Combining the power of Apache Spark and AI Platform Notebooks with Dataproc Hub
Apache Spark is commonly used by companies that want to explore large amounts of data and perform additional machine learning (ML)-related tasks at scale. Data scientists often need to examine these large datasets with the help of tools like Jupyter Notebooks, which plug into the scalable processing powerhouse that is Spark and also give them access to their favorite ML libraries. The new Dataproc Hub brings together interactive data research at scale and ML from within the same notebook environment (either from Dataproc or AI Platform) in a secure and centrally managed way.
With Google Cloud, you can use the following products to access notebooks:
Dataproc is a Google Cloud-managed service for running Spark and Hadoop jobs, in addition to other open source software of the extended Hadoop ecosystem. Dataproc also provides notebooks as an Optional Component and is securely accessible through the Component Gateway. Check out the process for Jupyter notebooks.
AI Platform Notebooks is a Google Cloud-managed service for JupyterLab environments that run on Deep Learning Compute Engine instances and is accessible through a secure URL provided by Google’s inverting proxy.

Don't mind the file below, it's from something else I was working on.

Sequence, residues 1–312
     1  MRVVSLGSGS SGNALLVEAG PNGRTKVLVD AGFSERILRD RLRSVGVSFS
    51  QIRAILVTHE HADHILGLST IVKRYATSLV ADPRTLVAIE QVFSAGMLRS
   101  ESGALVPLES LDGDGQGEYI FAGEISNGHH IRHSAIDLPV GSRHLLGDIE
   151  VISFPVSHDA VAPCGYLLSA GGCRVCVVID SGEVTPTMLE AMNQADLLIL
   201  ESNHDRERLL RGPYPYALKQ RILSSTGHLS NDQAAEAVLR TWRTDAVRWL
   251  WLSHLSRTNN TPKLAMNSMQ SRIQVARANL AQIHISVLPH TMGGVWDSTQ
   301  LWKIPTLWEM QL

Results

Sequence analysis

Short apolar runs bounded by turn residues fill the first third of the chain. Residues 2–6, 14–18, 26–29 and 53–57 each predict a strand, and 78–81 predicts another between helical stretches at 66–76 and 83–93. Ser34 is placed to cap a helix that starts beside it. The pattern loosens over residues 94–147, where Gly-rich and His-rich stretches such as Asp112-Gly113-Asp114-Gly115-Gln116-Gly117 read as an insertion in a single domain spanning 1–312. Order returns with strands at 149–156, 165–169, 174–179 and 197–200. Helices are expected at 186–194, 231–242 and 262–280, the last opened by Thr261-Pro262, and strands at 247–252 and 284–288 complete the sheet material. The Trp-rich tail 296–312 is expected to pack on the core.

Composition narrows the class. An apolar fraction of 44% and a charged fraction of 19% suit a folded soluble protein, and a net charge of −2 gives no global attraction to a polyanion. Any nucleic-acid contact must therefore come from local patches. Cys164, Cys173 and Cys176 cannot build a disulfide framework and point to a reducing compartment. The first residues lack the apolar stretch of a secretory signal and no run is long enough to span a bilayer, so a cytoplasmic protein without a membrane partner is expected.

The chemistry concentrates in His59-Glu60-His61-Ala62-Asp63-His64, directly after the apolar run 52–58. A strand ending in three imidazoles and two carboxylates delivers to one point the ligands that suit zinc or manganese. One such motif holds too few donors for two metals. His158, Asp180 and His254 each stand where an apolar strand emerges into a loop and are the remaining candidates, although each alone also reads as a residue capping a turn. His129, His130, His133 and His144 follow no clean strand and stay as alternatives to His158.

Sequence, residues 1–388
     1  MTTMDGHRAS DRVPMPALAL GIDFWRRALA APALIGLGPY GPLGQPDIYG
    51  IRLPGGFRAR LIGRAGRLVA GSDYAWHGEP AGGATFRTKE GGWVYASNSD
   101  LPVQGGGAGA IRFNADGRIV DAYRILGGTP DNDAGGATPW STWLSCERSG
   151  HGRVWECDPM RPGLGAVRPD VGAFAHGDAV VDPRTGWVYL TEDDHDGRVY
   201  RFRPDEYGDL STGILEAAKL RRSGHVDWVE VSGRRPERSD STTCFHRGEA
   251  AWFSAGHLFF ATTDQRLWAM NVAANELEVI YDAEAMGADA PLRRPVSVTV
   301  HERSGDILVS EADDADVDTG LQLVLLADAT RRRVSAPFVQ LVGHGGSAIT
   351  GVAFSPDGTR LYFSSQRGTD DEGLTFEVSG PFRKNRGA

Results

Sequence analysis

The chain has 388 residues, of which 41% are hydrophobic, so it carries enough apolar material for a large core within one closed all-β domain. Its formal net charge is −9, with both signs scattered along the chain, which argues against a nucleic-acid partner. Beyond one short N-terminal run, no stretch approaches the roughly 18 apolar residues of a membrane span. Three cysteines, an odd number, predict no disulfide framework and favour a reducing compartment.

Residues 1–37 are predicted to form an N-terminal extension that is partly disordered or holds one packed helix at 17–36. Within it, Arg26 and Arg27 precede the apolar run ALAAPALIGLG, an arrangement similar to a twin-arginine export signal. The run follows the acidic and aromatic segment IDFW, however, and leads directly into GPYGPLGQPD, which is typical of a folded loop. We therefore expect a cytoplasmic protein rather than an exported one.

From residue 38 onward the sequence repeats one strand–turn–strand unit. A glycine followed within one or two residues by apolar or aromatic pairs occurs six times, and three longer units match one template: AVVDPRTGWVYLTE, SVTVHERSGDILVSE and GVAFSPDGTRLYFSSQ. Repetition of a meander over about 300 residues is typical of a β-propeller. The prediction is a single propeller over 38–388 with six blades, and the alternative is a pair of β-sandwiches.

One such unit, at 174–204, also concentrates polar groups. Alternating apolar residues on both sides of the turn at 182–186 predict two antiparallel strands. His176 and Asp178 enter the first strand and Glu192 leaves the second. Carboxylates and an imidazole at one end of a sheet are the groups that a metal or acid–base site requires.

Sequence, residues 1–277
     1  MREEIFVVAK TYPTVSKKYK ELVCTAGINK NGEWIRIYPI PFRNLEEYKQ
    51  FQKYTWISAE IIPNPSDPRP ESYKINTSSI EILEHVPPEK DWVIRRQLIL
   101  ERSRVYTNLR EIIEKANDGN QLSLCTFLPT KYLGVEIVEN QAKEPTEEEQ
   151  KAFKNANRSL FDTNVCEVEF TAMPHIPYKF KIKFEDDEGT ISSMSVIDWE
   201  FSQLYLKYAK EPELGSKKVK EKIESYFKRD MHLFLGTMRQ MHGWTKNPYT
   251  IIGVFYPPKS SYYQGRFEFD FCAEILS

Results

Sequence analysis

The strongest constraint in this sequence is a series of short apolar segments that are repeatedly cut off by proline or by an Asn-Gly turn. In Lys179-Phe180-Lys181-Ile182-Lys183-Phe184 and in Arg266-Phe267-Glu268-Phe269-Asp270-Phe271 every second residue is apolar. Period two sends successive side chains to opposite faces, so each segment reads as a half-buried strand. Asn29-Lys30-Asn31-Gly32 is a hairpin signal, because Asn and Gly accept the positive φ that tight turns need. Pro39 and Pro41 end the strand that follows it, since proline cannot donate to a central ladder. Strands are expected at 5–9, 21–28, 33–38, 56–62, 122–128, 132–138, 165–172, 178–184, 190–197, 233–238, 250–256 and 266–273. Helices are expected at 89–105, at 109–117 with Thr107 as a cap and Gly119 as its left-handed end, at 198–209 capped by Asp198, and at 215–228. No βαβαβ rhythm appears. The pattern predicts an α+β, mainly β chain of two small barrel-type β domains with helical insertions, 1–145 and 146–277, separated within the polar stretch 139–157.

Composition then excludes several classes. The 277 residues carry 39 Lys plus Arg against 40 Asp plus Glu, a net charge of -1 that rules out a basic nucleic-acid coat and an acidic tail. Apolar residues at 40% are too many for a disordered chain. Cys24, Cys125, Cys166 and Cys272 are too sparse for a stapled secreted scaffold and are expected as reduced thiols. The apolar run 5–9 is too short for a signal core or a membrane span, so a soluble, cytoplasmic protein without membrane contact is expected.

Although both of those products provide advanced features to set up notebooks, until now,
Data scientists either needed to choose between Spark and their favorite ML libraries or had to spend time setting up their environments. This could prove cumbersome and often repetitive. That time could be spent exploring interesting data instead.
Administrators could provide users with ready-to-use environments but had little means to customize the managed environments based on specific users or groups of users. This could lead to unwanted costs and security management overhead.
Data scientists have told us that they want the flexibility of running interactive Spark tasks at scale while still having access to the ML libraries that they need from within the same notebook and with minimum setup overhead.
Administrators have told us that they want to provide data scientists with an easy way to explore datasets interactively and at scale while still ensuring that the platform meets the costs and security constraints of their company.
We’re introducing Dataproc Hub to address those needs. Dataproc Hub is built on core Google Cloud products (Cloud Storage, AI Platform Notebooks and Dataproc) and open-source software (JupyterHub, Jupyter and JupyterLab).
By combining those technologies, Dataproc Hub:
Provides a way for data scientists to quickly select the Spark-based predefined environment that they need without having to understand all the possible configurations and required operations. Data scientists can combine this added simplicity with existing Dataproc advantages that include: